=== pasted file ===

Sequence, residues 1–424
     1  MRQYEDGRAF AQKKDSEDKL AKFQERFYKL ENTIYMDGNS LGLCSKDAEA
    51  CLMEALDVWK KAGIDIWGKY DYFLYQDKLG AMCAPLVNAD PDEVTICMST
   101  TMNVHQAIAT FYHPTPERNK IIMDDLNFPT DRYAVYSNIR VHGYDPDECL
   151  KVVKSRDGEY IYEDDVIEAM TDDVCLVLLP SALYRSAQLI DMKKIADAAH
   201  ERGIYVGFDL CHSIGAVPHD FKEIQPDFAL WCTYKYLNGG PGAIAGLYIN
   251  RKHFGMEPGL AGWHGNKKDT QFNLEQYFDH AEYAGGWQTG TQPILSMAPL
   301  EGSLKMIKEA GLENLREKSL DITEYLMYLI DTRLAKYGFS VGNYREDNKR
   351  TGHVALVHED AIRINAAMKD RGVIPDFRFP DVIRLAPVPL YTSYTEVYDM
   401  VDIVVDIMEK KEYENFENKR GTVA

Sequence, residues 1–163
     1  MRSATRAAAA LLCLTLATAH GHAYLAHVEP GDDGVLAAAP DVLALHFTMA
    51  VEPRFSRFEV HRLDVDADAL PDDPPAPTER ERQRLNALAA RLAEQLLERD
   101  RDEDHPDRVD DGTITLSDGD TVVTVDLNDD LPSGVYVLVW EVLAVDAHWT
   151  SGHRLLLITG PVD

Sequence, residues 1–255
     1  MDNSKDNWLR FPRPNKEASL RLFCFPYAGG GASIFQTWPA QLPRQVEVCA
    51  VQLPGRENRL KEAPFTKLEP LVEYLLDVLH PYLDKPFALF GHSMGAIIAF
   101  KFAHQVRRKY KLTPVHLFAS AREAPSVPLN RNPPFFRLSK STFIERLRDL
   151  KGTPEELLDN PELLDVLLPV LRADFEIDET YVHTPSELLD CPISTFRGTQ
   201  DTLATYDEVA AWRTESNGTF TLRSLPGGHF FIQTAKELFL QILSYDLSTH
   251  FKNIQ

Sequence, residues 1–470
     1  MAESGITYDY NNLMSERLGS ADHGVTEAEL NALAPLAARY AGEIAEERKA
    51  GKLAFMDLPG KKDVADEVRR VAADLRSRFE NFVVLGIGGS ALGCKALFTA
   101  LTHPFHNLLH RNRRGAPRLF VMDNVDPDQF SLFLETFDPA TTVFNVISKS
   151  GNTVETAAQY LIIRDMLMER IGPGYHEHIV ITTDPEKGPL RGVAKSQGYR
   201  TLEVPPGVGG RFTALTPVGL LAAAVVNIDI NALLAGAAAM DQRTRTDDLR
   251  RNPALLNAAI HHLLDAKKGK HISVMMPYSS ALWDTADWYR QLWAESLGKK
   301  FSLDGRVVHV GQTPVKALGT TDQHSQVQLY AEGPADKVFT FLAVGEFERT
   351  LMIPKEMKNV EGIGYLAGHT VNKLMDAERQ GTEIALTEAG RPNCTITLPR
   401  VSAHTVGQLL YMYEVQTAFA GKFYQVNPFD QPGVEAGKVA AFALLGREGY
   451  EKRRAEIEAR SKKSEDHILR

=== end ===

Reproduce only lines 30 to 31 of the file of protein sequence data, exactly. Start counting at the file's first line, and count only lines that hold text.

   301  FSLDGRVVHV GQTPVKALGT TDQHSQVQLY AEGPADKVFT FLAVGEFERT
   351  LMIPKEMKNV EGIGYLAGHT VNKLMDAERQ GTEIALTEAG RPNCTITLPR